Make way for public art in Montréal!

Text signed by Dinu Bumbaru, Policy Director, Héritage Montréal; Michel Leblanc, President and CEO, Board of Trade of Metropolitan Montreal; Alexandre Taillefer, Managing Partner, XPND Capital, and published in The Gazette and Le Devoir.

January 31, 2013

Make way for public art in Montréal!

We are seeing a general consciousness raising about the importance of public art in our city, something that is long overdue.

In spite of decades of private and public investment by citizens, institutions, businesses, the Ville de Montréal and governments, as a city we have been rather miserly when it comes to appreciating and developing public art and acquiring new works that reflect our stature as a city of culture.

What is even more paradoxical is that our two-centuries-old heritage of public art is testimony to Montréal’s long history of efforts in this area. Just think back to the first International Sculpture Symposium in North America on the mountain in 1964, the works of Pellan and Moore proudly integrated to downtown real estate projects and the profusion of public art associated with Expo 67 and the construction of the metro. We have become a city of creators, eager for cultural expression in the public space. And yet, we have very few works that, like Chicago’s Cloud Gate, help the city define its identity and make its mark by engaging with citizens and visitors.

The current interest in public art opens up three areas of pursuit. The first is maintaining existing works by urgently putting in place a fund and recurrent financing to support managers and owners – private and public – whose resources are unfortunately lacking.

The second is thinking about how to promote some of our iconic works, such as Calder’s piece from Expo 67, the CIBC’s Moore, the Roussil near Silo no. 5 and Charles Daudelin’s Agora.

The third, and most foundational in the long term, is taking advantage of growing private sector interest in investing in public art. As early as 2008, the Ville de Montréal was encouraging large companies to reserve up to 10% of private project budgets for acquiring noteworthy works of art. Tough economic times slowed these efforts down, but it’s time we revived them.

Enrich and promote Montréal
Downtown and in neighbourhoods around the city, public art helps make us more “Montréal,” in part by generating debate, like that surrounding showcasing Jean-Paul Riopelle’s Joute, now set in a space skillfully created for it. Developing public art will require signposts to guide decisions. To this end, we propose the following five principles and encourage authorities, businesses, artists and other drivers of urban development to adopt them.

First, identity: public art participates in the public space and contributes to the cultural and creative dimension of the urban fabric by providing new meaning. Artworks, their location and their relationship with the existing or evolving urban environment must contribute to the urban nature of their living environment.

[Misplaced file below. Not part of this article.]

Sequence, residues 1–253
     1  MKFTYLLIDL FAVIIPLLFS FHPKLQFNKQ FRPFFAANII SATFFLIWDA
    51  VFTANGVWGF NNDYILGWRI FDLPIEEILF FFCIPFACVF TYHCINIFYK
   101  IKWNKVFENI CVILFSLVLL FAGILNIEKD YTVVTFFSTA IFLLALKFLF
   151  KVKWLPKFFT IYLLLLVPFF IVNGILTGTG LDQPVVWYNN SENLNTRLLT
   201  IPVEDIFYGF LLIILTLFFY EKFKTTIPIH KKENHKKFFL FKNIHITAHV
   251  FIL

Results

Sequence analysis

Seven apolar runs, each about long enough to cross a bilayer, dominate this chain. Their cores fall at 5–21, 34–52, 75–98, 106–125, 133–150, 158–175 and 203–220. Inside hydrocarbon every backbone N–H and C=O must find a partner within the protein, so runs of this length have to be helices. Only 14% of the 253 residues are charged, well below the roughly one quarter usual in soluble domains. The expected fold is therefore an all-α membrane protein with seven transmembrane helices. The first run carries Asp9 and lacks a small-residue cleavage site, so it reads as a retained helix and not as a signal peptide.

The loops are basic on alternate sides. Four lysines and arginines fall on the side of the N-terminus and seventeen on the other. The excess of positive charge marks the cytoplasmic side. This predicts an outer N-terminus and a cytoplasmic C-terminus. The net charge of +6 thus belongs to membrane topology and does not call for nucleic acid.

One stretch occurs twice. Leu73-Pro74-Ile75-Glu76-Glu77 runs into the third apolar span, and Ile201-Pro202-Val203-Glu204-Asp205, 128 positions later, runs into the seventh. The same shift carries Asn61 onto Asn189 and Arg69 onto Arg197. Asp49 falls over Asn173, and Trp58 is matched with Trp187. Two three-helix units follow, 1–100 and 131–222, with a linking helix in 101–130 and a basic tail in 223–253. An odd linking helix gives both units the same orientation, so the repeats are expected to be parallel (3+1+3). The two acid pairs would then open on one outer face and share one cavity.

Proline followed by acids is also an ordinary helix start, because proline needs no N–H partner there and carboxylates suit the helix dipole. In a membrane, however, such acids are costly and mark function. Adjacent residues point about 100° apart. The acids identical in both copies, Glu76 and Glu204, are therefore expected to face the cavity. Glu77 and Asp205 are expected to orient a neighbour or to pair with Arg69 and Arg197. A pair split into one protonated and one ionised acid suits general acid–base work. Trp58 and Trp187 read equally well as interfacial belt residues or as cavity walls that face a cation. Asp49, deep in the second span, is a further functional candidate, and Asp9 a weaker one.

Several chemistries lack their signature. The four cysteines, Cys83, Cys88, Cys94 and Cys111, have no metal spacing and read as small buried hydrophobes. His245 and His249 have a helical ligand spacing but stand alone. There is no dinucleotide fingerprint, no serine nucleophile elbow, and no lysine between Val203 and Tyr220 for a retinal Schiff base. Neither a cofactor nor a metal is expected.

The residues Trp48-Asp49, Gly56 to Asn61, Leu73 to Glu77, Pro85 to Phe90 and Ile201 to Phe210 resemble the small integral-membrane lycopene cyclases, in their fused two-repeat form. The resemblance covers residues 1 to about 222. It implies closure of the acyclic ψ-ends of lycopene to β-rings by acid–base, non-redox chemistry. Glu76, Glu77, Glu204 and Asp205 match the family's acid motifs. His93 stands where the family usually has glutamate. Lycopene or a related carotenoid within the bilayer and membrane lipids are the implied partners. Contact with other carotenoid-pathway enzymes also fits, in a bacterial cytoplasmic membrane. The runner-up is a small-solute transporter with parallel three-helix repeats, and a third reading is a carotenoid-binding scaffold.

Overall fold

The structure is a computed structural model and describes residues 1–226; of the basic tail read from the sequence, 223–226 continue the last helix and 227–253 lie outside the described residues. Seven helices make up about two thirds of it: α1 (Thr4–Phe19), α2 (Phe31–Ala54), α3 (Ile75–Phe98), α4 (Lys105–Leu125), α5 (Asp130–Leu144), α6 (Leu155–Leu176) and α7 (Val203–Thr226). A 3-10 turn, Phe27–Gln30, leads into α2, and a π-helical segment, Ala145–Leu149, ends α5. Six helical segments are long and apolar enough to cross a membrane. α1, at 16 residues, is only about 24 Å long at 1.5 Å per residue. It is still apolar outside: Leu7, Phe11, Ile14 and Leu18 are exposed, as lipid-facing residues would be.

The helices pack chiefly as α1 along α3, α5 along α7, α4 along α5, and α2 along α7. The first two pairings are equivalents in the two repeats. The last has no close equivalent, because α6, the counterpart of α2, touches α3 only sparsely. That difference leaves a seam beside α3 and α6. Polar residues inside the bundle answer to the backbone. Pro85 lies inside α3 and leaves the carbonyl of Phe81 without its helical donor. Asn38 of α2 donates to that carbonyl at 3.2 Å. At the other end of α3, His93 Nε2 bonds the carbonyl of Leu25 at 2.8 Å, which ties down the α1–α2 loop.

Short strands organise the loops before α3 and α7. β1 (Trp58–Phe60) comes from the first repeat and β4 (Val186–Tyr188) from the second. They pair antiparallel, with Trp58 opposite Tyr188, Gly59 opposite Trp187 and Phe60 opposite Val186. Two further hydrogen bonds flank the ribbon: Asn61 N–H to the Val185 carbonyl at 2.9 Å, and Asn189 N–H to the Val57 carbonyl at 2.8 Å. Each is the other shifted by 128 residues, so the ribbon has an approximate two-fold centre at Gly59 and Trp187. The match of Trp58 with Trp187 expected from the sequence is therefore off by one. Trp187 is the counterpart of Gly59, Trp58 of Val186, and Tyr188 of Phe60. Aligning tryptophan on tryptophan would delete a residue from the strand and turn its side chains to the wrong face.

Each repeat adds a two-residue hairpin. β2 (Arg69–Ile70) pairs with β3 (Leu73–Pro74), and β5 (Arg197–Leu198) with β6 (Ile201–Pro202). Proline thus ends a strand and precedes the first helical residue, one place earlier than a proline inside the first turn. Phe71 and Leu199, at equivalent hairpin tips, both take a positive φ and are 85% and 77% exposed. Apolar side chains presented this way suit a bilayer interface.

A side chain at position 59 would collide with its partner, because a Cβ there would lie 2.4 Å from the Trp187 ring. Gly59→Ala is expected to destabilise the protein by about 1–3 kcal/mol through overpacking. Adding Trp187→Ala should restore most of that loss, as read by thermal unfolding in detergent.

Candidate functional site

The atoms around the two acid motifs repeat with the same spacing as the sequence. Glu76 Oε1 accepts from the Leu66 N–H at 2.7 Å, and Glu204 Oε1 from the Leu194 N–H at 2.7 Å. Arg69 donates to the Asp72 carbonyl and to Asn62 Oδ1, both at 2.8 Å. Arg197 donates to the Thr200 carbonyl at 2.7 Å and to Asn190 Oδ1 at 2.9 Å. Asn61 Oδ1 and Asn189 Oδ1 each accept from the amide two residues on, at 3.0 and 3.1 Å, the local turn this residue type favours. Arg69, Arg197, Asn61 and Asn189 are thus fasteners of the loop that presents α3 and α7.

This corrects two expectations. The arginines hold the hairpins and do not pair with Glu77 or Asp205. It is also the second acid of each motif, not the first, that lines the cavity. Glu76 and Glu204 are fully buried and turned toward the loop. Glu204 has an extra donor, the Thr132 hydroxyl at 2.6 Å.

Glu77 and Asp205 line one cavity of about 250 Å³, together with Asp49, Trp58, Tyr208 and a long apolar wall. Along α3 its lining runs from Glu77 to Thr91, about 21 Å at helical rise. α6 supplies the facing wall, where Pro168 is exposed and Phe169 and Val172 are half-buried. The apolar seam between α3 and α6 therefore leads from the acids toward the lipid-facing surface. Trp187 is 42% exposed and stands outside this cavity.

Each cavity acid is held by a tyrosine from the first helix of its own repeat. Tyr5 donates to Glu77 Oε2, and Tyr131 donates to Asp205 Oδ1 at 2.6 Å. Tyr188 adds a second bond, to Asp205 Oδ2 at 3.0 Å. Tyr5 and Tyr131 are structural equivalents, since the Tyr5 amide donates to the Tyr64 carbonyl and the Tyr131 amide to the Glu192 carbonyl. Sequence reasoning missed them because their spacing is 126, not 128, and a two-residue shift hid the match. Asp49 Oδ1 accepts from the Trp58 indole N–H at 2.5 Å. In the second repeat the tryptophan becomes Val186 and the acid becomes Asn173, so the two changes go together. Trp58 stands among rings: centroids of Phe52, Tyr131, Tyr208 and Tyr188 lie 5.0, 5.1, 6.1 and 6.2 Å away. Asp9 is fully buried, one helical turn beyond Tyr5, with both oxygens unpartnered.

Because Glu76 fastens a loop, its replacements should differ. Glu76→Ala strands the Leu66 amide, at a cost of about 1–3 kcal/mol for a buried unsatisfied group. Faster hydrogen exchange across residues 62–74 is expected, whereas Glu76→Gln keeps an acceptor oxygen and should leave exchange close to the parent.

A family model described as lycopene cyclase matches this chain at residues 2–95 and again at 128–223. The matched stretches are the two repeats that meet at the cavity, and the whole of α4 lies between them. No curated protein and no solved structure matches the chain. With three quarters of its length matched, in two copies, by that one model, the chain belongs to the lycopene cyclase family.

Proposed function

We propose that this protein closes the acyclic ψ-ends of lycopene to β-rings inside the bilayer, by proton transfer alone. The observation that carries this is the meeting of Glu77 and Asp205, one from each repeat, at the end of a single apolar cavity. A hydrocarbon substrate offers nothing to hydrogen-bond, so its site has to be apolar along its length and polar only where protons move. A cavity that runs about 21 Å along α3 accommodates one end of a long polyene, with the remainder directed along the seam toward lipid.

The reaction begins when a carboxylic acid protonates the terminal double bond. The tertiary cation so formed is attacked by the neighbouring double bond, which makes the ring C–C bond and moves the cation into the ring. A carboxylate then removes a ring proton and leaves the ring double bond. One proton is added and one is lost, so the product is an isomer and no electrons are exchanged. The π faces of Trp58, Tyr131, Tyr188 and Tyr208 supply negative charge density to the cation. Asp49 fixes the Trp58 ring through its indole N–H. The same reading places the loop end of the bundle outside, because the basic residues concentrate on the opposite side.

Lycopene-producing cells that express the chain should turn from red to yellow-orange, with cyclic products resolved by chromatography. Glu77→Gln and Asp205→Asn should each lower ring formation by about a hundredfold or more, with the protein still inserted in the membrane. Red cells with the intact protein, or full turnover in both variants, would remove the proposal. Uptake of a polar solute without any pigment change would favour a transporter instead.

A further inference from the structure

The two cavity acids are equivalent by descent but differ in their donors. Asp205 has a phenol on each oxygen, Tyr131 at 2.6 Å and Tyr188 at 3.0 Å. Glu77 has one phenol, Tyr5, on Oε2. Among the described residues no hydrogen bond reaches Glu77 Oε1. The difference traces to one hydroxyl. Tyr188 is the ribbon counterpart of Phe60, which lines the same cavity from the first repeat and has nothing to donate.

Second, accessibility: public art is, by definition, public. It must be visually and physically accessible to bring citizens face to face with the work. So it is essential to provide and improve access by installing, drawing attention to and maintaining works through the quality of their settings and by encouraging the public to enjoy them.

Third, urbanity: public art participates in the collective space through the meaning it offers. The relevance and quality of public art interventions in the public, institutional and private sphere as well as their reflection of the urban context are fundamental to making a true contribution to urbanity.

Fourth, durability: public art must be a sustainable urban project. We need to move beyond mere words and have real financial resources to enrich, maintain and showcase our heritage, respecting the integrity of the works. There can be no public, private or community investment in public art without a maintenance program complete with appropriate budget and expertise.

Fifth, community: public art participates in community life. For generations, it has been the result of community mobilization through citizen subscriptions, generous acts of patronage and government programs that, just like the artists, deserve community recognition.

The strategy for developing Montréal into a veritable international cultural city requires significant, ongoing investment in public art. We need to remember this collective commitment and encourage public authorities, institutions, businesses and patrons to apply these principles to fulfill our commitment.

We have to treat our rich heritage of public works of art with dignity and celebrate them, and, to this end, think and consult about how to take much-needed and inspiring action. Beyond being merely a witness with evocative power, this heritage challenges us to give concrete expression to ¯ along with artists and the spirit of the place that is Montréal ¯ our ambitions as a vibrant cultural city.

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